We have finally finished the arduous task of coding and putting variables on our data and can now look at the actual trends the data reveals; and let me say there is some pretty cool stuff for December! The first thing I looked at was a general breakdown of the major categories of posts to see what was most popular:
As you can see, information sharing is the largest segment with 40% of posts. One can also add the posts categorized as information seeking to this percentage as I found that these posts tended to be answered in the comments section. Thus, the total for information based posts was 61%. This indicates that this page was an effective disaster response page as it was most often used to ask for or provide the information. By comparing those posts categorized under the umbrella of information, a further breakdown of the topic/type of information is possible:
As you can see the most common topics of information that were discussed in posts and comments were aid (25%), followed by institutions (15%), and planning for the future (10%). When examining these three types of posts (which make up 50% of the information topics) more closely by looking at actual examples, the majority of these posts deal with some sort of recovery effort. In fact, of all of the information topics only 10% (grievances, memories, Obama, weather, disaster mythology, devastation, and Katrina) do not deal with some sort of attempt for recovery of long beach; this further speaks to the success of the page.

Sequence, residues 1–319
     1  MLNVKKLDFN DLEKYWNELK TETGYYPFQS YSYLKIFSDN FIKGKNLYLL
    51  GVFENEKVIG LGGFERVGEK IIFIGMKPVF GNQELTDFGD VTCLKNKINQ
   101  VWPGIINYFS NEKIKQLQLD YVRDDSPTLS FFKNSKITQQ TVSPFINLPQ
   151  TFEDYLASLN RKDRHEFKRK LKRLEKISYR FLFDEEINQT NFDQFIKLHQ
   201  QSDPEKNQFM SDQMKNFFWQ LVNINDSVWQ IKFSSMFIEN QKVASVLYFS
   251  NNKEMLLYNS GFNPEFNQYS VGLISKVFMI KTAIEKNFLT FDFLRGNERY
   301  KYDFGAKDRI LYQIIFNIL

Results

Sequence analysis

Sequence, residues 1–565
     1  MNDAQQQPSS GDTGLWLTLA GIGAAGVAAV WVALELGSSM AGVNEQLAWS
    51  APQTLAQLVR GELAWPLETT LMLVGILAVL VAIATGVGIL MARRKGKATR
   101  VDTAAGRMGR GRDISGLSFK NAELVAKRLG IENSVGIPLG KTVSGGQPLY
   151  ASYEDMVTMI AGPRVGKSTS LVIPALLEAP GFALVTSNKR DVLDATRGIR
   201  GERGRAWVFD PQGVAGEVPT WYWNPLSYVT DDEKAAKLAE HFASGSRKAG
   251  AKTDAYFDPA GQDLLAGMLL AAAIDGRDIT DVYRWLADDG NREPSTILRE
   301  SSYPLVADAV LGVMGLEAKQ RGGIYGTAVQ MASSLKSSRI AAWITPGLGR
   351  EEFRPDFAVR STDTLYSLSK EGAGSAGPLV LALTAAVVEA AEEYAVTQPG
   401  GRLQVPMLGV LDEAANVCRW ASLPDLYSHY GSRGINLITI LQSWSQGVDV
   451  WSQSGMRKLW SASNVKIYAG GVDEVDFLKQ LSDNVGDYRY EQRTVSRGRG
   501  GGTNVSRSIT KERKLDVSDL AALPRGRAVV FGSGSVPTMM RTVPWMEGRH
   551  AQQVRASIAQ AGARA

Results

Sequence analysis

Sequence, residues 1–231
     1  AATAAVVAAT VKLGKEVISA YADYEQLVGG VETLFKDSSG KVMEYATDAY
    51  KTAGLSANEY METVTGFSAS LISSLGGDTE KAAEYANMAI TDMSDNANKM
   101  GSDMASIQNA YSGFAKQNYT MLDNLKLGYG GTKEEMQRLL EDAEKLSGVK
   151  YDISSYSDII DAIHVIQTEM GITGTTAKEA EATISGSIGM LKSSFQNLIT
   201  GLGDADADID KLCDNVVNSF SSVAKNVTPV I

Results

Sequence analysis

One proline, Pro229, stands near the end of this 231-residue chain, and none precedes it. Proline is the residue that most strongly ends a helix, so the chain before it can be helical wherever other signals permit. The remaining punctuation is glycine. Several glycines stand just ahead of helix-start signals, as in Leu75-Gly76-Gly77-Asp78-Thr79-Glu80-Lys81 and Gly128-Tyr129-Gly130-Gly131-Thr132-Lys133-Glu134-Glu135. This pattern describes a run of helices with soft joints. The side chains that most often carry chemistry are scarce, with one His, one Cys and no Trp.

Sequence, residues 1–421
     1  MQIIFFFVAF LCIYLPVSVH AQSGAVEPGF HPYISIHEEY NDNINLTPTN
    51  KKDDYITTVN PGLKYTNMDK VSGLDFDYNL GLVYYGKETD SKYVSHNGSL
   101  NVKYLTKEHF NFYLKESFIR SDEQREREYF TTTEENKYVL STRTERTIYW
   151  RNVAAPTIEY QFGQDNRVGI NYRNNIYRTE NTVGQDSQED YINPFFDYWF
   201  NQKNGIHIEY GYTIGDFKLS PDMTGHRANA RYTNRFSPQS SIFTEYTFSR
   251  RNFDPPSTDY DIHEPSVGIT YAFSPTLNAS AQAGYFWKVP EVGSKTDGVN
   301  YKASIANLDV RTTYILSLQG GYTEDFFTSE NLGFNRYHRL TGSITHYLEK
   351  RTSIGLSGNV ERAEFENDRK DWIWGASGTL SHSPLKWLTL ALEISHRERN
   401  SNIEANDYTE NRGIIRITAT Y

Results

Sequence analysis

Now I am going to highlight some of anomalies in the data by doing side by side comparisons. I have chosen to focus on the anomalies to both identify the general trends of the topics in general (where they exist) and point out some areas where these trends do not hold. I also attempt to explain why, in certain circumstances, these disturbances may occur.
Gender: Throughout the topics females tend to be the primary posters. In fact, in information sharing, information seeking, and grievances around 2/3 of posters are women. The only place where there exists an anomaly is in memories, where 2/3 of posters are men. This anomaly, however, is not significant because only 3 total posts were categorized as memories.
Admin v Other: Overall the majority of posts are not made by the admin. This margin is great in memory (66.67% other), information seeking(89% other), grievances (83.33% other). The margin is slim (under 20% gap) in solidarity (56.86% other), and information sharing (52% other). The only place where this trend does not hold is in contemporary documentation where the admin posted at a rate of 60.00%. The anomaly, and indeed the close margins can be explained by the fact that the admin tended to re-post certain posts that I believe he/she found to be extremely important. Contemporary documentation and solidarity seem to be re-posted with the intent of highlighting the strength and recovery in Long Beach. Information sharing posts were re-posted to provide helpful information to as many people as possible.